9.29. Prizes and gifts. Prizes as work incentives are given by some firms. The value of the prize is income of the employee and should be included in his return, though there is a case on administrative grounds for excluding prizes of small value.

9.30. Gifts may be looked at differently where they are in the nature of recognition of the personal esteem in which the employee is held by his employer. There is scope in the legal authorities for the view that gifts of this kind are not income, but this view would be restricted to cases such as the traditional gold watch.

9.31. Stock options and share purchase schemes. Until recently, the operation of section 26 (3) 26 (e) that the value of rights which an employee acquired under an employee stock option scheme or share purchase scheme should be brought to tax at the time those rights first arose. The valuing of rights arising under these schemes provided to be inordinately difficult and the employee who paid or was liable to pay tax felt aggrieved on occasions when the rights, in line with the value of the shares on the market, fell substantially in value.




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9.32. Provisions have recently been inserted in the Act displacing the operation of section 26 (e). Under these provisions the time of derivation of income under a share option or share purchase scheme will be the time when the option is exercised or shares are transferred to the employee. The benefit will be the amount by which the value of the shares acquired exceeds the consideration the employee has given for them. In the Committee's view this approach is the correct one. Comment on the detail of these proposals is not attempted in this report.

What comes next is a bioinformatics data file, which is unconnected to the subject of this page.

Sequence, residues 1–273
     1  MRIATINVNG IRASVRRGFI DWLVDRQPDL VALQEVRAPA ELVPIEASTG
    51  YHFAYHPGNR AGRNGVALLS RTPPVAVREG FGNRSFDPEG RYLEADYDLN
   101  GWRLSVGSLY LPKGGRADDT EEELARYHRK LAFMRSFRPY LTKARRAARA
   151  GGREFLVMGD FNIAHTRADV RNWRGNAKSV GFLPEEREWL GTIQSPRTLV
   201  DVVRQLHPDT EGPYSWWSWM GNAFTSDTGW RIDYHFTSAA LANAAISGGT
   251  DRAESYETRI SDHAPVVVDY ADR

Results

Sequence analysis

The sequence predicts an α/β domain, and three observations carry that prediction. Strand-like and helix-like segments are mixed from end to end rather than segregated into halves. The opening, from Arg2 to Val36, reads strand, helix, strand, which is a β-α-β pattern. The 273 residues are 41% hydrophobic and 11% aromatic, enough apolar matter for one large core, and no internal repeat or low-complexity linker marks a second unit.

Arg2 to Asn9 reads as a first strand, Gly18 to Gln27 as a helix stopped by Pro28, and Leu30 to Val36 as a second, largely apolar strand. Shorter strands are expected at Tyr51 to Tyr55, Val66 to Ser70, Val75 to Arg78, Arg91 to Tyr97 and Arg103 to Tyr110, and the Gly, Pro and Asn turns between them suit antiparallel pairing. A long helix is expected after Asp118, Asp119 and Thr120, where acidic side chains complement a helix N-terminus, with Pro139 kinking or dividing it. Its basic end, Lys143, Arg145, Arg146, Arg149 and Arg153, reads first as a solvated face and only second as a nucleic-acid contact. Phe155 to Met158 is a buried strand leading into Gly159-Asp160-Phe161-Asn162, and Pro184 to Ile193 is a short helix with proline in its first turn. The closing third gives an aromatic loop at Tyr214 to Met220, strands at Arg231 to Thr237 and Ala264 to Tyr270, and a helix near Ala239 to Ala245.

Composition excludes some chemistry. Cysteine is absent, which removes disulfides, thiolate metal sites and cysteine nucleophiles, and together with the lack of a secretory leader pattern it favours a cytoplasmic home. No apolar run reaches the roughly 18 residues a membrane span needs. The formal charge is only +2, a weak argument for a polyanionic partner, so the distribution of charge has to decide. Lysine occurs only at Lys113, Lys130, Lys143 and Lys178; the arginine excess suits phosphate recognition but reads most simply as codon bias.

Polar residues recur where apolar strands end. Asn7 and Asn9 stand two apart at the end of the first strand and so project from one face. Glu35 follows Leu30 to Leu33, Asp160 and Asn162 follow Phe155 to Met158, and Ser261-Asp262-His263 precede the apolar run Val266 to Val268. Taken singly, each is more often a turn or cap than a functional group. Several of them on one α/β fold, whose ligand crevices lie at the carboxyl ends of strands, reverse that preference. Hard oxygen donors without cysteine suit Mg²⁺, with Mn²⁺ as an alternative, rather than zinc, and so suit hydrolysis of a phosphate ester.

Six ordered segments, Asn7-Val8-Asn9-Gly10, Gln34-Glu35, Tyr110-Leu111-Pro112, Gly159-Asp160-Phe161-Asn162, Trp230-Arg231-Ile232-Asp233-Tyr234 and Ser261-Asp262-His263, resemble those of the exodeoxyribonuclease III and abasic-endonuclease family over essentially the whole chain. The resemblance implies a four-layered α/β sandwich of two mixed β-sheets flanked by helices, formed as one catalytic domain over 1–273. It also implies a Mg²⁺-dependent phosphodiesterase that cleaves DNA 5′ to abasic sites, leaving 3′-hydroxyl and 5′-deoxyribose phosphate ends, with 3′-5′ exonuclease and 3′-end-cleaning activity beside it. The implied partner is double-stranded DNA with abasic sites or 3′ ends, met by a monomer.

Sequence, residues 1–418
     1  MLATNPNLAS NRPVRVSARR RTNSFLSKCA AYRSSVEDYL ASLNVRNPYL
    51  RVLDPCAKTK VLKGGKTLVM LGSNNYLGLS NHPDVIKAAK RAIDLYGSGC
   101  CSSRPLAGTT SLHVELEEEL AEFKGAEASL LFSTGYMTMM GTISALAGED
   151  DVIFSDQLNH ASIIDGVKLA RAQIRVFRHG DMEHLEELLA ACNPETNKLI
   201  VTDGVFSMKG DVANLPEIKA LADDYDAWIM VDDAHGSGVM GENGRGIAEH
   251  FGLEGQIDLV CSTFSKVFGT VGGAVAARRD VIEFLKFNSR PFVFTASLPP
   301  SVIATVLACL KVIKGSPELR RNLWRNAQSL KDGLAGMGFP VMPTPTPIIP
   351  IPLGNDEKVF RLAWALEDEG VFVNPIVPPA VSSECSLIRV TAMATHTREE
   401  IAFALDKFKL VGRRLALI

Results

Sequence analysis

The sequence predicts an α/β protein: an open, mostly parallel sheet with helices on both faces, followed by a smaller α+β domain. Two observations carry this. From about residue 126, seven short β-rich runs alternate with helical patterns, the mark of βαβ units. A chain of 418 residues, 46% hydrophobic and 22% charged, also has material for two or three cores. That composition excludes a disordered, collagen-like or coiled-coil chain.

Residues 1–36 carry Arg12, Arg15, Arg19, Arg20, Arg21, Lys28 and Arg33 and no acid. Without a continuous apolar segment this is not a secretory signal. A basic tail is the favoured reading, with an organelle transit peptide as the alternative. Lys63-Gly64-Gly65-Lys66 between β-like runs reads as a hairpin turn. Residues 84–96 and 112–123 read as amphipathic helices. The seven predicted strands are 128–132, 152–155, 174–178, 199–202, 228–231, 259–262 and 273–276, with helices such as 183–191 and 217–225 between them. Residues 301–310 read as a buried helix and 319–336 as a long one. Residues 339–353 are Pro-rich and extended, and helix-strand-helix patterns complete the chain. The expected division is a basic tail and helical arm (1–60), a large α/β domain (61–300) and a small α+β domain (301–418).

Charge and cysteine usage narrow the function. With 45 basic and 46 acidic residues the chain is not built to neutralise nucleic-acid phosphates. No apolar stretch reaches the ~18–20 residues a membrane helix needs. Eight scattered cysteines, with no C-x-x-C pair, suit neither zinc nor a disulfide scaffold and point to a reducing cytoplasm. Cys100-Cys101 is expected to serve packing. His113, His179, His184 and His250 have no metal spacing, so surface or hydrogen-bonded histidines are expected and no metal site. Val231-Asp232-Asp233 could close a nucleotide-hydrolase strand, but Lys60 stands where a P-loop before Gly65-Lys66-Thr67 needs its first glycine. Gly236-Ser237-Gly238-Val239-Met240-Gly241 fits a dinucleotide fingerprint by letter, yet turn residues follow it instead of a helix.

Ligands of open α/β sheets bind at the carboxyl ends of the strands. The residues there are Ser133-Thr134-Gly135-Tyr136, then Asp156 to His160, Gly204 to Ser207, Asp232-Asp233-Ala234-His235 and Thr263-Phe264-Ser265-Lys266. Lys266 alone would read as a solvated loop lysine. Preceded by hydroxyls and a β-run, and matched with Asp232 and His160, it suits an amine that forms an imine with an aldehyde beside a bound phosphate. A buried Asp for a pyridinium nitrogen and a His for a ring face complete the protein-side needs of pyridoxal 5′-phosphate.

9.33. Goods and services supplied by others and paid for directly by the employer. A wide range of goods and services may be supplied to employees and paid for directly by their employer. It may be helpful to consider some typical situations.

9.34. Where the expense met by the employer relates to the education of the employee's children, there is a simple case of a benefit that should be brought to tax. However, a difficulty arises in regard to the operation of the tax concession for education expenses: that concession is available to the employee only in respect of an expense he himself incurs. Administratively it may be convenient to treat the direct payment by the employer as involving no benefit to the extent that it is within the amount of the concession.